Costa Verde

The ceviches and pisco sours alone make this Peruvian kitchen worth a visit.

From June 2006 Cheap Eats

Even before you order at this Peruvian restaurant partway between Ballston and Clarendon, you're welcomed with a bowl of thick, roasted corn kernels, salted like popcorn and just as hard to stop eating. They're even better when you swipe them through the salsa verde, a thick, iridescent purée of chilies that signals that the kitchen is in good hands. This addictive snack pairs perfectly with a tart pisco sour, a concoction of pisco brandy, sugar-cane juice, and frothed egg whites.

It goes down smoothly, as does much of the cooking here. What elevates Costa Verde above a slew of pan-Latino restaurants in the area is its consistency and attention to detail. Even the rice, an afterthought at many places, is so good you find yourself wanting to order seconds. Ceviches–there are six kinds–are sharp and tangy, full of good, firm fish and seafood. As befits a cuisine born along the coast, fish and seafood predominate. You'll find a garlicky shrimp soup enriched with a splash of cream, an excellent crispy whole fried fish, and a plate of octopus and calamari sautéed in a garlicky white-wine sauce.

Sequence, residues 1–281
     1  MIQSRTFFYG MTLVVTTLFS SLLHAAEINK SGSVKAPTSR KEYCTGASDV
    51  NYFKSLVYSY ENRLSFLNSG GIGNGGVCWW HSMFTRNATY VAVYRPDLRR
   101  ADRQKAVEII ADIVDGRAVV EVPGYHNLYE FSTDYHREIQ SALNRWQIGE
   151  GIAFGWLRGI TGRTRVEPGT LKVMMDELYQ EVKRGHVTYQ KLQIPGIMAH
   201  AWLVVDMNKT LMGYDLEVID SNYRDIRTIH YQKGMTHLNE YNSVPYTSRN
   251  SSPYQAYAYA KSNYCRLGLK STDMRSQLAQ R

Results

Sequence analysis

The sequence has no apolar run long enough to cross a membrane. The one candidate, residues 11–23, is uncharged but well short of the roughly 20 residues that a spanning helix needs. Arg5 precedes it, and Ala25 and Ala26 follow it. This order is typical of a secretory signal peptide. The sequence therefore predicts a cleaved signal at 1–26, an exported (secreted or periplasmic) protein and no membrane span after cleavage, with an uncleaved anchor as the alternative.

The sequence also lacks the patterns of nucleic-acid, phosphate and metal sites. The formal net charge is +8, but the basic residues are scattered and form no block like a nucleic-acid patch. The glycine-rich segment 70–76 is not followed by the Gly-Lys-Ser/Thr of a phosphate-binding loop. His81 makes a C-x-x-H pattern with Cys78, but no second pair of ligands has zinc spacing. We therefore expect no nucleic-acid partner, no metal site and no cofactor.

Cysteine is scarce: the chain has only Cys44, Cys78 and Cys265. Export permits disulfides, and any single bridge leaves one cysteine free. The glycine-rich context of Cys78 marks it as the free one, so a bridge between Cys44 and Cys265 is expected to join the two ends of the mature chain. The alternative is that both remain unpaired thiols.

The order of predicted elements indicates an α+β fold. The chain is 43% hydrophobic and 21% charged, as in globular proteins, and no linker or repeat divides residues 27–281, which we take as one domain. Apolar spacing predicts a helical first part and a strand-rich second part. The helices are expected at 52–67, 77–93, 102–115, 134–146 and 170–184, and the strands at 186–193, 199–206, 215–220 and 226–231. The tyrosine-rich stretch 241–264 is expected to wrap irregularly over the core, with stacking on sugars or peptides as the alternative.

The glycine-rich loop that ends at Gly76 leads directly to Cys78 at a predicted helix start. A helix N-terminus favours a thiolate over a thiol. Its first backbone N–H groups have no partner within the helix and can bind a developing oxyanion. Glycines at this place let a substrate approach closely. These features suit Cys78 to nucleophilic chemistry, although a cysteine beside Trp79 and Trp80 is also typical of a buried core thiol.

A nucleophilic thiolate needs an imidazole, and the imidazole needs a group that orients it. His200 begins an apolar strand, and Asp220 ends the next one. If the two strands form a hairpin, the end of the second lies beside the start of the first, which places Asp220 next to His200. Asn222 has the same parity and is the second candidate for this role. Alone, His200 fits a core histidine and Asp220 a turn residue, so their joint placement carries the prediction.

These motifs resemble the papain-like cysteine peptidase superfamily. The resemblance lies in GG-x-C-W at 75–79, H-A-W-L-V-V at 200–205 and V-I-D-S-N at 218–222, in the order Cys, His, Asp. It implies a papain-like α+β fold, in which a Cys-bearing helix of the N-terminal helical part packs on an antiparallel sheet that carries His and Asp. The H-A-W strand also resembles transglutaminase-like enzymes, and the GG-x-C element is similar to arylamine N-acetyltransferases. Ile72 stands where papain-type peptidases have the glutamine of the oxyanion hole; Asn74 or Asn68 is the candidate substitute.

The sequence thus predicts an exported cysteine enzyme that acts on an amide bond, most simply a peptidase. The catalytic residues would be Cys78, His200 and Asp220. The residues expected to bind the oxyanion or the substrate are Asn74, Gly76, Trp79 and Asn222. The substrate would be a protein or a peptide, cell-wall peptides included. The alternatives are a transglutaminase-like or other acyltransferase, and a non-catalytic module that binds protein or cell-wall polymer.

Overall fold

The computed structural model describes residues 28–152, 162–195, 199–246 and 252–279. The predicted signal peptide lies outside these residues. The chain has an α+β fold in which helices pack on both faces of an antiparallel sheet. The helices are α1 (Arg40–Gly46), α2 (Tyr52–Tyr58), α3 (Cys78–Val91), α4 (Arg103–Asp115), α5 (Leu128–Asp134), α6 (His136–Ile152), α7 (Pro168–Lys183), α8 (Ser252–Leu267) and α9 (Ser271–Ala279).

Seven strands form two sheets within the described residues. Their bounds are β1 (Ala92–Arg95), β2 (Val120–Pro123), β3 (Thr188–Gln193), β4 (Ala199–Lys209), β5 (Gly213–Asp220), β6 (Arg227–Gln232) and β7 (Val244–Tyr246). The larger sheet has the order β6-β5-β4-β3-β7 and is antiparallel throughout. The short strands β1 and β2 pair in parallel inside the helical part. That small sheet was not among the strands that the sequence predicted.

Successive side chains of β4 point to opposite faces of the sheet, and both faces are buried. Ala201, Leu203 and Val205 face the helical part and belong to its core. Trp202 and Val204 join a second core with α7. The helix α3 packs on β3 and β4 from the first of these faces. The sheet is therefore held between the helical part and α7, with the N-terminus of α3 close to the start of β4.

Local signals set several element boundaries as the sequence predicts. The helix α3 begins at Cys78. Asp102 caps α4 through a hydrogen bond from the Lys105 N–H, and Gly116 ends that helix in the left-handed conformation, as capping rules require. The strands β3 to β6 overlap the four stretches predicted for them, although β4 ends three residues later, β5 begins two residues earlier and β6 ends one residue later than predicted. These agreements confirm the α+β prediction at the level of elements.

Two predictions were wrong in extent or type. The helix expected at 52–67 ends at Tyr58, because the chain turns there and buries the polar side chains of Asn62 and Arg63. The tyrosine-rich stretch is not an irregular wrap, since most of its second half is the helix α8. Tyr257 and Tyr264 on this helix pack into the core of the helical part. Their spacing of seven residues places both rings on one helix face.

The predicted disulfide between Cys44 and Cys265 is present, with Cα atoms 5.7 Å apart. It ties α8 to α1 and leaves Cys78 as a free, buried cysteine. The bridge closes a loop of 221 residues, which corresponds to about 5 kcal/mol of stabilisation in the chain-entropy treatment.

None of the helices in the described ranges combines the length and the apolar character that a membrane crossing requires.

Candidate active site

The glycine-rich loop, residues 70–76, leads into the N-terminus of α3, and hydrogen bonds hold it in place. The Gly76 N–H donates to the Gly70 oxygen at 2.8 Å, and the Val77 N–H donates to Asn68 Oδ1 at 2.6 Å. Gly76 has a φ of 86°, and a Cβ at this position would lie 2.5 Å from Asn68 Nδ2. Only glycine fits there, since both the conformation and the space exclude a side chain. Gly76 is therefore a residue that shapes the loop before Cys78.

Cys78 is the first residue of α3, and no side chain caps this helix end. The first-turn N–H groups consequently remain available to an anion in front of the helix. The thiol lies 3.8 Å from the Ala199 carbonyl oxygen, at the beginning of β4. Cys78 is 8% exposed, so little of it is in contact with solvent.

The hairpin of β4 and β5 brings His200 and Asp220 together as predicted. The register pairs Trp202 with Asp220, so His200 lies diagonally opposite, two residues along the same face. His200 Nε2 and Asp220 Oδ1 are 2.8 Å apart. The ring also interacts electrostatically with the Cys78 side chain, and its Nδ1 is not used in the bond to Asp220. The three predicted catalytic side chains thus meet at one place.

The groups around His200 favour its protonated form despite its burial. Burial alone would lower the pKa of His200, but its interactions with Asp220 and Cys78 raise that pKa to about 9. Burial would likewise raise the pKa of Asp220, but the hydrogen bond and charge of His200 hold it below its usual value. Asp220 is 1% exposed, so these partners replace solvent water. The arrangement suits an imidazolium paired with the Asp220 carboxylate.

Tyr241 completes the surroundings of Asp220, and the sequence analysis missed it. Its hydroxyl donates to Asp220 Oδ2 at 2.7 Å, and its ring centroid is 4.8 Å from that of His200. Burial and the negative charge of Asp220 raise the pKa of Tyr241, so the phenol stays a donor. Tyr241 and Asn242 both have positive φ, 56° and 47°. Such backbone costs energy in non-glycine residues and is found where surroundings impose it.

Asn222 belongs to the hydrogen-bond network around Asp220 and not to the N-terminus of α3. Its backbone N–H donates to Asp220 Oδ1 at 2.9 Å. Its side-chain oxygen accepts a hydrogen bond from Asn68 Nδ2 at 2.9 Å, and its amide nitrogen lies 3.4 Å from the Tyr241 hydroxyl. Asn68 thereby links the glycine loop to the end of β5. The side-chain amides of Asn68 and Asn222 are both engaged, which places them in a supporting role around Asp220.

Not everything that comes from the water is bound for greatness; sometimes a filet of mahi-mahi, as in the escabèche, or in the saltado de pescado is thready, not moist. The menu, which looks long, is full of duplications, variations on a few themes. But whatever quibbles you might have, they'll be erased by the time you dig into the luscious tres leches cake for dessert.

Ann Limpert
Executive Food Editor/Critic

Ann Limpert joined Washingtonian in late 2003. She was previously an editorial assistant at Entertainment Weekly and a cook in New York restaurant kitchens, and she is a graduate of the Institute of Culinary Education. She lives in Petworth.